Commentary on the Gospel of

Chas Kestermeier, S.J.-Creighton University's English Department
The first two verses of today's reading from Isaiah, down to “not one of them is missing,” might need a little explanation.  This is part of a longer call to consider the mighty works of the Lord, and in some translations it is not clear that Isaiah is speaking about the stars, but even then “stars” meant something other for his hearers than it does for us.  For them the stars seemed to either be governed by angelic beings or to actually be such beings, and Isaiah refers to them as if they were the army of God.  These are the “hosts” we refer to in the “Holy, holy, holy” of the mass, using this older English word for massed armies of soldiers. 
The next verse, “Why, O Jacob, do you say, and declare, O Israel, 'My way is hidden from the Lord?',” asks why God ignores Israel's plight.  In his response Isaiah proclaims that this Lord of such power is more than willing to share that power with “those who hope in the Lord.”  The implication is that Israel has to hope in God and to ask for God's help, and this is a natural lead-in to today's Gospel reading.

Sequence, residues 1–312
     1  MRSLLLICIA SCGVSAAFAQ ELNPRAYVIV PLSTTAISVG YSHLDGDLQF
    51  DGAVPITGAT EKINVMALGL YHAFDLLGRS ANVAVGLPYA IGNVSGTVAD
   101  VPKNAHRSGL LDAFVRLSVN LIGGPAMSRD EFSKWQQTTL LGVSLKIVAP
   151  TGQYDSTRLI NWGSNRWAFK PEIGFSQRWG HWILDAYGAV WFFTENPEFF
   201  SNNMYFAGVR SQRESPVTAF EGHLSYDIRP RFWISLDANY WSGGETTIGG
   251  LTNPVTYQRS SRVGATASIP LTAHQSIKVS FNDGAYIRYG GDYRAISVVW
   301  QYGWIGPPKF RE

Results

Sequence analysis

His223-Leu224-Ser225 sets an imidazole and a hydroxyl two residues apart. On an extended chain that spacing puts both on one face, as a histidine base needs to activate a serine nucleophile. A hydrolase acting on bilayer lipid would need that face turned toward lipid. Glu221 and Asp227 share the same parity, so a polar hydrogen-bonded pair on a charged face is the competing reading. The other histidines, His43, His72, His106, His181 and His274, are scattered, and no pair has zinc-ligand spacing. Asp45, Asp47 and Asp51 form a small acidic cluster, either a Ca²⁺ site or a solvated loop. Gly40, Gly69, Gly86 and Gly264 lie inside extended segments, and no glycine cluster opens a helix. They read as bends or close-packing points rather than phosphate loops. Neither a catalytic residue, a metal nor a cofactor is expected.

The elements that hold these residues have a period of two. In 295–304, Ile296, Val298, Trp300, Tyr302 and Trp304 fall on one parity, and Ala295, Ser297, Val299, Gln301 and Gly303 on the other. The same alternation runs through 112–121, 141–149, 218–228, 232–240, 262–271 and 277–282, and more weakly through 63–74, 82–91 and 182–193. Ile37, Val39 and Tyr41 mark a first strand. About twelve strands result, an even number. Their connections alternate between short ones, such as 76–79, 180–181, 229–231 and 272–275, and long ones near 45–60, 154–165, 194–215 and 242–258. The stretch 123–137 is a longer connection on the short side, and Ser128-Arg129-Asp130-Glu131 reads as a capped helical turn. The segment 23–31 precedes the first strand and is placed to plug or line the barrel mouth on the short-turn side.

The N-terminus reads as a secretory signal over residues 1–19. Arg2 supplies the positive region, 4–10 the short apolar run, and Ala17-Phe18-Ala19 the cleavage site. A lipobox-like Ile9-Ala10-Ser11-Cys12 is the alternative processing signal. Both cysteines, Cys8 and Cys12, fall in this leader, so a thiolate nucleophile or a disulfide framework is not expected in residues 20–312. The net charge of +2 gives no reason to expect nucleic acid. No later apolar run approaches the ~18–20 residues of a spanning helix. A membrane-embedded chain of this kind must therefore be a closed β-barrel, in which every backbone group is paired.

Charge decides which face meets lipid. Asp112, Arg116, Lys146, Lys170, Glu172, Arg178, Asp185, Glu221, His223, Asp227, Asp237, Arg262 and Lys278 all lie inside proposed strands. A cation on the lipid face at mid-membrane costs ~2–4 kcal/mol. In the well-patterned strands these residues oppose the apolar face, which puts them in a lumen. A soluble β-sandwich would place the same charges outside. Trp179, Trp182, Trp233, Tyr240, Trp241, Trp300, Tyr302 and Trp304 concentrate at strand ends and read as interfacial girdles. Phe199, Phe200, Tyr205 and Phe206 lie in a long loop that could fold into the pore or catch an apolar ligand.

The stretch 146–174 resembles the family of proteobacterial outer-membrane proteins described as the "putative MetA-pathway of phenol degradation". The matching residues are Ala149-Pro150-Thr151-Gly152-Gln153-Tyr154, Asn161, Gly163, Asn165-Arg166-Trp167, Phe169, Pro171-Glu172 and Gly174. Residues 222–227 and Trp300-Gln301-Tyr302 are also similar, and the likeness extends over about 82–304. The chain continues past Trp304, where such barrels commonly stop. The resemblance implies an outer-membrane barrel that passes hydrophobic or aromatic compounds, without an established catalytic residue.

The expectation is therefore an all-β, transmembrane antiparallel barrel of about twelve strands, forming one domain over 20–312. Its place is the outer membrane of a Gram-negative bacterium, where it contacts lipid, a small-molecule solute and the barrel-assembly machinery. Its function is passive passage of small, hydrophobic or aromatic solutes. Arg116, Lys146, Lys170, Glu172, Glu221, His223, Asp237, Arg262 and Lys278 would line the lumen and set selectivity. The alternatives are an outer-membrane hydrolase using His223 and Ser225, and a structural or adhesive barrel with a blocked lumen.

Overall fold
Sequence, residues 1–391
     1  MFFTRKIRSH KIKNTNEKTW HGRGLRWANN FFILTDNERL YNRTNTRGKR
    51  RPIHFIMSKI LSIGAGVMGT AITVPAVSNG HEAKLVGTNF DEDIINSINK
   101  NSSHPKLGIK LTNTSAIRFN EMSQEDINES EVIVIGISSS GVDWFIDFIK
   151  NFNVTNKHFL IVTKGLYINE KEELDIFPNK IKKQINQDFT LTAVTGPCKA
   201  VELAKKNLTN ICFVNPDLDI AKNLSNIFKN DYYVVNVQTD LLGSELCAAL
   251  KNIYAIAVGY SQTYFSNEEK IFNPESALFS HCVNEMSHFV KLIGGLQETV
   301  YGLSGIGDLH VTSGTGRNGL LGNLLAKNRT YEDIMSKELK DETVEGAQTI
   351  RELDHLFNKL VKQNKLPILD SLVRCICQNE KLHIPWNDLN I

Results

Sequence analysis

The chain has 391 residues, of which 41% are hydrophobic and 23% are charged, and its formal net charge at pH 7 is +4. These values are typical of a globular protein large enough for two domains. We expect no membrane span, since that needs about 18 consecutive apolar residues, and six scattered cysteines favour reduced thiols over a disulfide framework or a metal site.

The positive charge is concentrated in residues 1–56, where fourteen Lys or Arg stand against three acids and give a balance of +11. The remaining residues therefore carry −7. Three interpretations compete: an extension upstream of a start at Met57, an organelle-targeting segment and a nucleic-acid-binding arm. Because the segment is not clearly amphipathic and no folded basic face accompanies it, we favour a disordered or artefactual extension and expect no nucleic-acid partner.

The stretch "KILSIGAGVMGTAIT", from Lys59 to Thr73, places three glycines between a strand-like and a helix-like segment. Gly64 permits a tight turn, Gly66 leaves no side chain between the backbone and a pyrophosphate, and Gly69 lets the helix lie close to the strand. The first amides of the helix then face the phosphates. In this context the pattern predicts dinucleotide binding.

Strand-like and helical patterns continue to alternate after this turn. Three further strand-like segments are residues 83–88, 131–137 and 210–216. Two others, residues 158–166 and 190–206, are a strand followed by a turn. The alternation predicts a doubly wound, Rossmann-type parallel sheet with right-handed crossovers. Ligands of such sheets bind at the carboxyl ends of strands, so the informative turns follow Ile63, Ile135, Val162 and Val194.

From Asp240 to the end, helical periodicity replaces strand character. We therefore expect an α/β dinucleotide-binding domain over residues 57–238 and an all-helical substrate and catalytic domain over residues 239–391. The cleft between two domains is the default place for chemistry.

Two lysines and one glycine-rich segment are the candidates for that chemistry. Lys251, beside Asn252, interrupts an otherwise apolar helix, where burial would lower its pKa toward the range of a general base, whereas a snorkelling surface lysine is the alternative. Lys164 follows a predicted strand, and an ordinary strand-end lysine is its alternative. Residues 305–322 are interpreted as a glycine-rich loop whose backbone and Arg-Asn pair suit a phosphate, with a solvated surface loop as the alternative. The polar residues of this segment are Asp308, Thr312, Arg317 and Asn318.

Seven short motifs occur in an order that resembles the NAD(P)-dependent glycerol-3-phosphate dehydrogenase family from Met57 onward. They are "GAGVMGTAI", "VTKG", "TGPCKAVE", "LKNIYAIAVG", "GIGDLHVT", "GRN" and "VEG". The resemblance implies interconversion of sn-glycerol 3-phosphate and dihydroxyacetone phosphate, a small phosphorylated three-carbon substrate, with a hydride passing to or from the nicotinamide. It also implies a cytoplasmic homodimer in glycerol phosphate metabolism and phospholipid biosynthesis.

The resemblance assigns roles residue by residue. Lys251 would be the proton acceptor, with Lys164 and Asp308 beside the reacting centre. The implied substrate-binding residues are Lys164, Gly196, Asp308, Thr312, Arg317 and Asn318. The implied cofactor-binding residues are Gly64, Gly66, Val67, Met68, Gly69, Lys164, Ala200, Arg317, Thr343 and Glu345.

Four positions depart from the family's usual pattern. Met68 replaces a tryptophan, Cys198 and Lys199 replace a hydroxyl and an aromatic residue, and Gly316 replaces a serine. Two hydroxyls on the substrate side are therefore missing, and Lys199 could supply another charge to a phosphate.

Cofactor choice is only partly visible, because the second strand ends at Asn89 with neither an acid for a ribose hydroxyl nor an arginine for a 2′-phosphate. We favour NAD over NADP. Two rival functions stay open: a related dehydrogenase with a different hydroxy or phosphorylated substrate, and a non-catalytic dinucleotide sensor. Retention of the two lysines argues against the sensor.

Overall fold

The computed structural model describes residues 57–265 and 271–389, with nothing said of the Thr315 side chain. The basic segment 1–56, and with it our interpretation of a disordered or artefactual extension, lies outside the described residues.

In Isaiah we see God as all-mighty and almost a little distant in His great works, but then Isaiah turns to reassure Israel that this strength and power is at their disposal.  Jesus, in Mark, is immeasurably closer than that to those who seek and accept Him; this very human God is far more tender and gentle with His own and those who seek to become so.
Yes, Jesus calls us to take his yoke upon our shoulders, which is a sign of submission and an acceptance of abject vulnerability, but it is, in our case, only a surrender to God, a readiness to belong to Him and to learn, a childlike dependence and willingness to let God love us into life by His forming us in His ways. 
Where do I need to make that surrender, to change my ways into His?  Where do I need to learn to depend on God at every moment and in every way? 


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